The trouble of upstairs bookstore in Hong Kong
On the Nelson Street in Mong Kok, there are cosmetic shops and electronic appliance stores beside the street and the 700 miles road is crowed of tourists from everywhere. However, it also has more than 6 book stores on the street. They are all in the upstairs, quiet and inconspicuous.
It is a characteristic in Hong Kong — most bookstores are on the second floor or underground, whatever they won’t face to the street, because of the high rent. They are called “second floor book store” or “upstairs book store”.
Unlike the noisy street, upstairs bookstores can be very quiet and only a few customers reading in there. Steven Hang, a 37-years-old journalist reads and buys book at this kind of store, and he goes to Mong Kok when he is free.
“Different book stores can have different styles of books which decided by their boss”, Steven said. “Mong Kok concentrated many individual bookstores, so it is easily for me to find the book I want.”
He still remembered that at the 90s, it was a fashion to read books in the upstairs book store. Many young people were standing and reading at holidays. Steven loves reading. But because of his busy job, it is hard to find a leisure time sitting to read. So he forced himself to have a free Sunday afternoon to go to the book store every three weeks.
“We have too much information to read every day. That’s cost me a lot of time.”
According to a telephone questioner by Democratic Alliance for the Betterment and Progress in 2010, nearly 30 percent of Hong Kong residents hadn’t buy a book (not magazine) in one year. And the reason why they don’t read is “too busy”. They are busying doing everything, but reading.
Actually, at the beginning Steven was the fans of Hung Yeh Book Store which can supply seats for readers. As it closed in 2005, he turns to Luck Win Books.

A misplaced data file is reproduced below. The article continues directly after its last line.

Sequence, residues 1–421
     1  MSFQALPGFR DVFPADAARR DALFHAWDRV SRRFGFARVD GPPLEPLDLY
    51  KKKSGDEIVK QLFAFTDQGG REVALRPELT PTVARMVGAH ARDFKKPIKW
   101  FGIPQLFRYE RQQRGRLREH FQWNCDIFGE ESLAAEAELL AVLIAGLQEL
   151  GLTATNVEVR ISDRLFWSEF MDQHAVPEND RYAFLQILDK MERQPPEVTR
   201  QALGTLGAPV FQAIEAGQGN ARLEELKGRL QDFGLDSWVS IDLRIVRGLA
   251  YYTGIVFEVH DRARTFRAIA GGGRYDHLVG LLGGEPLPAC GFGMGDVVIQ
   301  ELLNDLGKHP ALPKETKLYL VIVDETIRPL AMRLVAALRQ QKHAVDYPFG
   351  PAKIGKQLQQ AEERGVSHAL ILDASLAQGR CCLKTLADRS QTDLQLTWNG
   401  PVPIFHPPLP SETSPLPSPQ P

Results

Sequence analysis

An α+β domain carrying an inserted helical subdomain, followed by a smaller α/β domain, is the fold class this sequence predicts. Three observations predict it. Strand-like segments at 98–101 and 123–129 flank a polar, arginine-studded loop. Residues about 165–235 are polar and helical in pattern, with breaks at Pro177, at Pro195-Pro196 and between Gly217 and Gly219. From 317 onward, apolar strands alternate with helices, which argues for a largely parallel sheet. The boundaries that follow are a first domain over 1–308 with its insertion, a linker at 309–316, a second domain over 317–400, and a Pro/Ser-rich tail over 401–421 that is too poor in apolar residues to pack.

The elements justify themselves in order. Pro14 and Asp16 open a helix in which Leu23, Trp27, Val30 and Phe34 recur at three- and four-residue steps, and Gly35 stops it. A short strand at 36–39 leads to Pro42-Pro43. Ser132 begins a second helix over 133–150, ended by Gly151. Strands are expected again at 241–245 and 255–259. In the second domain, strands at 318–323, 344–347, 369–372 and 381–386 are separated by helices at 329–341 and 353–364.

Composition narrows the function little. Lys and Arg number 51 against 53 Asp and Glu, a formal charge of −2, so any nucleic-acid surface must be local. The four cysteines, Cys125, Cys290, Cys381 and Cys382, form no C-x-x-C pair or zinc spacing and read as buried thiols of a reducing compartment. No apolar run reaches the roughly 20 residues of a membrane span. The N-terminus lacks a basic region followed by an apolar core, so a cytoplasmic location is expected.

“It really made me sad at that time,” Steven said.
There’s a saying that the book business can be prosperous when the economic depressed. On the contrary, as the economic turns well, it is hard for book store to live. Because you can earn much more from sell an iPhone than a book. Guan Yongjin, a researcher from Public Policy Research Institute of the Hong Kong Polytechnic University, thinks it is not the whole reason of that.
“From 2000 to 2014, the number of Hong Kong’s book store declined from 140 to 110, almost 20 percent shunt down”, said Mr. Guan. “On the other hand, some big chain book stores such as Joint Publishing, the Commercial Press and Chung Hwa Book are opening new branch stores and added to 48 stores in Hong Kong, ”
It means that is not the book business is dying, but the individual bookstores can’t survive in the competition. In Mr. Guan’s mind, as Hong Kong’s book market is the same or getting smaller, someone should die when more people divide the “cake”. And the way for them to live is to find their own characteristics and go out of Hong Kong.
However, Steven just wishes that he can touch the paper with the smelling of ink whenever he is free in Hong Kong.